DiscoverThe Bible as Literature
The Bible as Literature

The Bible as Literature

Author: The Ephesus School

Subscribed: 380Played: 9,007
Share

Description

Each week, Dr. Richard Benton, Fr. Marc Boulos and guests discuss the content of the Bible as literature. On Tuesdays, Fr. Paul Tarazi presents an in-depth analysis of the biblical text in the original languages.
476 Episodes
Reverse
This week, Fr. Paul explains how the verb hibdil in Genesis holds one day, day two, and day four together, defining the functionality of the heavens in conjunction with the earth. (Episode 130)
The First Will Be Last

The First Will Be Last

2020-08-0619:551

When Peter approaches Jesus to ask, “what then will there be for us,” (Matthew 19:27) his question betrays two sins: first, his belief that he has done the right thing, and, second, his expectation that he deserves a reward for his actions. In his response, Jesus tests both Peter and the addressee of Matthew’s Gospel: is it a reward to be seated in power? “But many who are first will be last; and the last, first.” (Matthew 19:30) Richard and Fr. Marc discuss Matthew 19:27-30. Episode 340 Matthew 19:27-30; Music: Pilot Error by Kevin MacLeod Link: https://incompetech.filmmusic.io/song/4216-pilot-error License: http://creativecommons.org/licenses/by/4.0/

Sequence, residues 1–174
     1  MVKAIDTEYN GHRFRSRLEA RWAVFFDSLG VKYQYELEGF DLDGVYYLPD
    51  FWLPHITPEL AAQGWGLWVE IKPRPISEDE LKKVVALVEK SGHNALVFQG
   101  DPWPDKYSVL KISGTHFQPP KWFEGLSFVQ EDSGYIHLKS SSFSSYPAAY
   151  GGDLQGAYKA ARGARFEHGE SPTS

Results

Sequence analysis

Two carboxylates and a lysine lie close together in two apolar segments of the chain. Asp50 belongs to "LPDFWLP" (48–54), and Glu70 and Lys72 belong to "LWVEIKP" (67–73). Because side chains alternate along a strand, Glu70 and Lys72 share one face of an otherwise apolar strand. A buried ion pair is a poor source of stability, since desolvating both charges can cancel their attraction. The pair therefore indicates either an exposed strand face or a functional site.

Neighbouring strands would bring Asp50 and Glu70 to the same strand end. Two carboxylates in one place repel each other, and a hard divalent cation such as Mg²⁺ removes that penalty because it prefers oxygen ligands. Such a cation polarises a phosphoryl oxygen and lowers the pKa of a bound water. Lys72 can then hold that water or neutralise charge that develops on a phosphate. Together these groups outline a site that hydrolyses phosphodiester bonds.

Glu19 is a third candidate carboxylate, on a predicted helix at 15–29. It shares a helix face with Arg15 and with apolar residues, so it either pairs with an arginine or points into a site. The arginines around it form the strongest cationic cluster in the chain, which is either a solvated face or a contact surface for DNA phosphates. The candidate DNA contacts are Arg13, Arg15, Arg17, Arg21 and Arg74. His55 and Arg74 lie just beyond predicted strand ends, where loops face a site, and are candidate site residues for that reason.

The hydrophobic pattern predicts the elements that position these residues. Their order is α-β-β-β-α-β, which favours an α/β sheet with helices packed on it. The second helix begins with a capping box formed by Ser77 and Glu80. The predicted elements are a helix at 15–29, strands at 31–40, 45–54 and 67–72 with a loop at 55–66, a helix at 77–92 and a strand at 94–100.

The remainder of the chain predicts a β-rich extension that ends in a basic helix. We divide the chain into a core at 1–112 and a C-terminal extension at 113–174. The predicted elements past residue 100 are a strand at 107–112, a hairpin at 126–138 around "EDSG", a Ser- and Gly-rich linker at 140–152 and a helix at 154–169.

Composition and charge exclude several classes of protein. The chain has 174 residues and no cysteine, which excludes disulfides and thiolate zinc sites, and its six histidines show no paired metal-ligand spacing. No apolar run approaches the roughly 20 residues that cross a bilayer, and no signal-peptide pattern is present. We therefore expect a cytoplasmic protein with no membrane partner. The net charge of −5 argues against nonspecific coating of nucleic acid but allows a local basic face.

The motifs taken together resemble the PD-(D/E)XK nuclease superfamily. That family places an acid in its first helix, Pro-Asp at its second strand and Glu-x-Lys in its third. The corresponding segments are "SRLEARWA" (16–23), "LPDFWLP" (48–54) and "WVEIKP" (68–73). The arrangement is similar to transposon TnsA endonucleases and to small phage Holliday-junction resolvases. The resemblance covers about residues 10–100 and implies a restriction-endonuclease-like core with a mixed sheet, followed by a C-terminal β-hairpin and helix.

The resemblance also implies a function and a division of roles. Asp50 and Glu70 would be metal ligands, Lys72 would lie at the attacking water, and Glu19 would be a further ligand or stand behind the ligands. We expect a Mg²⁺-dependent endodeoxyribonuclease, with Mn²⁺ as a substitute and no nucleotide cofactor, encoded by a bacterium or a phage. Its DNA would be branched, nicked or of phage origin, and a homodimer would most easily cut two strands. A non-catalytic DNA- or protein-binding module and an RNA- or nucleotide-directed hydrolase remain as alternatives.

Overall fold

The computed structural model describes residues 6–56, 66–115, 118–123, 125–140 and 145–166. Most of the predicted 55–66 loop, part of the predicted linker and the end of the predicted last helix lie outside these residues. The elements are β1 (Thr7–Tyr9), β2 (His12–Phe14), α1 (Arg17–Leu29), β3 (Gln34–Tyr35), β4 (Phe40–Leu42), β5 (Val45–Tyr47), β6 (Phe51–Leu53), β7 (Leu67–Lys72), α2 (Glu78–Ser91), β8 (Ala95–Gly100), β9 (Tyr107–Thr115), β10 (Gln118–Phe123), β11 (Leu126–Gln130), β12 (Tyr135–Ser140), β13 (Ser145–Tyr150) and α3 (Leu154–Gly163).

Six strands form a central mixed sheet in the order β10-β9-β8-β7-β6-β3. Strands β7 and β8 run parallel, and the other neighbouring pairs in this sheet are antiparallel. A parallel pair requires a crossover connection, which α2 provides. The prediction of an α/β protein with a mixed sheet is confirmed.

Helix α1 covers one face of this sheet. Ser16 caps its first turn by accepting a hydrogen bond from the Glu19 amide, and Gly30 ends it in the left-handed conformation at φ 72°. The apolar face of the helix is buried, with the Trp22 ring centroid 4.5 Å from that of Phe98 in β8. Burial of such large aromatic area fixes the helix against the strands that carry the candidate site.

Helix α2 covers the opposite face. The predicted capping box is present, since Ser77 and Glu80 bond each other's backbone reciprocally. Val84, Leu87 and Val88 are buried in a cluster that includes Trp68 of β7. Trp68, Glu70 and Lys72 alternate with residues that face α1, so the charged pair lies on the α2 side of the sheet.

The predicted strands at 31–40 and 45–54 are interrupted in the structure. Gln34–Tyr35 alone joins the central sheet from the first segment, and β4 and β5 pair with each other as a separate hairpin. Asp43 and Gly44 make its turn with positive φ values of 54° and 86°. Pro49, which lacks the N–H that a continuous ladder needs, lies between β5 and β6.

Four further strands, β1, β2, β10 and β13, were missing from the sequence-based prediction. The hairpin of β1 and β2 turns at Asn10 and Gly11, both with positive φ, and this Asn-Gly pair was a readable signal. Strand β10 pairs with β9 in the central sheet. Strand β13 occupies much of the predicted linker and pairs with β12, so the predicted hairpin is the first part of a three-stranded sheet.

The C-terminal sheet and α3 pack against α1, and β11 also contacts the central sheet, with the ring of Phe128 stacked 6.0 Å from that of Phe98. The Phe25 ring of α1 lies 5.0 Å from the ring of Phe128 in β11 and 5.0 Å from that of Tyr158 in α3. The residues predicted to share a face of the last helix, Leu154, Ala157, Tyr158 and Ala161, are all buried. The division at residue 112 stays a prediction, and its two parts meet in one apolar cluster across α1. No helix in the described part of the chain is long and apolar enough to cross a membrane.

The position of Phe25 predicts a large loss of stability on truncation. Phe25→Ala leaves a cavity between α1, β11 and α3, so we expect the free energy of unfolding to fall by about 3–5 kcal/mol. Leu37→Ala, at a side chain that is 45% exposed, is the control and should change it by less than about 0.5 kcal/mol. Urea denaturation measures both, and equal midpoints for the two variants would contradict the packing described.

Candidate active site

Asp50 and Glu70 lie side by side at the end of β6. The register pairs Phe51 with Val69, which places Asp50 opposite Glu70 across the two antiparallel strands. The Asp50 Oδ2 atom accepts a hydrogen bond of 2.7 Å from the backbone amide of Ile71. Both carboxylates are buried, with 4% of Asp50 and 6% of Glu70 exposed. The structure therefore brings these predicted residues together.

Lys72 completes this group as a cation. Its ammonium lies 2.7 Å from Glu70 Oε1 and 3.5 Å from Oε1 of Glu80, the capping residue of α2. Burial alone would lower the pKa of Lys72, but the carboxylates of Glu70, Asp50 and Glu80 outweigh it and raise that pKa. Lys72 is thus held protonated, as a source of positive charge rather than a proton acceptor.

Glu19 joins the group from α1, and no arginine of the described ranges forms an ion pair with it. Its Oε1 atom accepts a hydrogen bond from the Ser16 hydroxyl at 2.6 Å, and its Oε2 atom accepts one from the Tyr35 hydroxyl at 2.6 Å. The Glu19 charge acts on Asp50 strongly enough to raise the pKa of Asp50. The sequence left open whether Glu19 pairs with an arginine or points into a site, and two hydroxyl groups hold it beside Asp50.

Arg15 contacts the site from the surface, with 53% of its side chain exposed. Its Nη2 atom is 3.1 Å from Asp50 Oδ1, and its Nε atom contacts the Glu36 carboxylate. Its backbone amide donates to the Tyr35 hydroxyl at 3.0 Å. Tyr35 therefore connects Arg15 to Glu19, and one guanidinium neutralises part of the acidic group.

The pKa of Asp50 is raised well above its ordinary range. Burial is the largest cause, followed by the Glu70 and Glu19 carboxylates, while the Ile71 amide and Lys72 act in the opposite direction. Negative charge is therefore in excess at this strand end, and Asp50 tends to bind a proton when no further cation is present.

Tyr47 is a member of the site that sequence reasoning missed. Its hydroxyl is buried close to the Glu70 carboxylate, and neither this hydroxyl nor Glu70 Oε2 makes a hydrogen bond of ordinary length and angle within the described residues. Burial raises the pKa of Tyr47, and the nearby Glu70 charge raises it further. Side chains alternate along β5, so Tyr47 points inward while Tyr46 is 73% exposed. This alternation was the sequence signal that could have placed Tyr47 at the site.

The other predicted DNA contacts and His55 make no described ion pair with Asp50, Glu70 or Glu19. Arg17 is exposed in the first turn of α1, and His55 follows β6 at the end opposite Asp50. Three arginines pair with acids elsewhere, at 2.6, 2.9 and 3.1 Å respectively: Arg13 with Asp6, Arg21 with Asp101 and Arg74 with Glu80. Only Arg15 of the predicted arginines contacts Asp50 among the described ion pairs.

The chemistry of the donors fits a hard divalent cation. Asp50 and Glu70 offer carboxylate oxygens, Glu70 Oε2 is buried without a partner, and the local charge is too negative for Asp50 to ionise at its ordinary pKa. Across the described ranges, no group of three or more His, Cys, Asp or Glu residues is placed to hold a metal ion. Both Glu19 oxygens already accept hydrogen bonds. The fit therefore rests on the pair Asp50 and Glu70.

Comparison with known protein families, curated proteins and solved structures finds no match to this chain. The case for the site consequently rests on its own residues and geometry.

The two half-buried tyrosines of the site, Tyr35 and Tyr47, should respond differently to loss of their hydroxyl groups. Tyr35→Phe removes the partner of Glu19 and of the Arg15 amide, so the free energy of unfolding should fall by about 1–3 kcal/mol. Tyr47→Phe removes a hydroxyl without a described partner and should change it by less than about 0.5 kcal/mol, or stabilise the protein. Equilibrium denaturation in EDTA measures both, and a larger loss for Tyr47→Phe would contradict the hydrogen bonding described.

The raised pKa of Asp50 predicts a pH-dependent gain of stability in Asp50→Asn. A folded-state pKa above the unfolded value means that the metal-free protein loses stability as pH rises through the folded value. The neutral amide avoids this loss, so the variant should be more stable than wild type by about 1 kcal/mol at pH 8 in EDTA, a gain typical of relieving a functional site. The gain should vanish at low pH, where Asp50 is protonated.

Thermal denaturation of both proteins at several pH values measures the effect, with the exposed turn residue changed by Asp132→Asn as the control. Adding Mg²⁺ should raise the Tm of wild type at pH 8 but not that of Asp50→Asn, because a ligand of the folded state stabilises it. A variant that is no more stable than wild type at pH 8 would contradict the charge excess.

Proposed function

Darkness and Waters

Darkness and Waters

2020-08-0415:11

In today’s program, Fr. Paul explains the “organic and not emotionally poetic oneness of the heavens and the earth” noting that the second creation narrative begins again with the mention of the waters. (Episode 129)
No Good Thing

No Good Thing

2020-07-3015:281

Among the disastrous consequences of the Synoptic thesis of the gospels is the erasure of each individual author’s intent. Is there a generalized parable of the Rich Man that happens to appear in Matthew, or is there a teaching of Matthew that retools the parable to say something different than the other gospels? If we assume a generalized parable, we blind ourselves, and shut our ears to Matthew’s account of the teaching of Jesus Christ. God forbid! Richard and Fr. Marc discuss Matthew 19:16-23. Episode 339 Matthew 19:16-23; Music: Enter the Party by Kevin MacLeod Link: https://incompetech.filmmusic.io/song/3713-enter-the-party License: http://creativecommons.org/licenses/by/4.0/
This week, Fr. Paul highlights the function of the heavens’ priority within the purview of the author, reminding us that the pairing of the heavens and the earth signifies an encompassing reality, a totality.(Episode 128)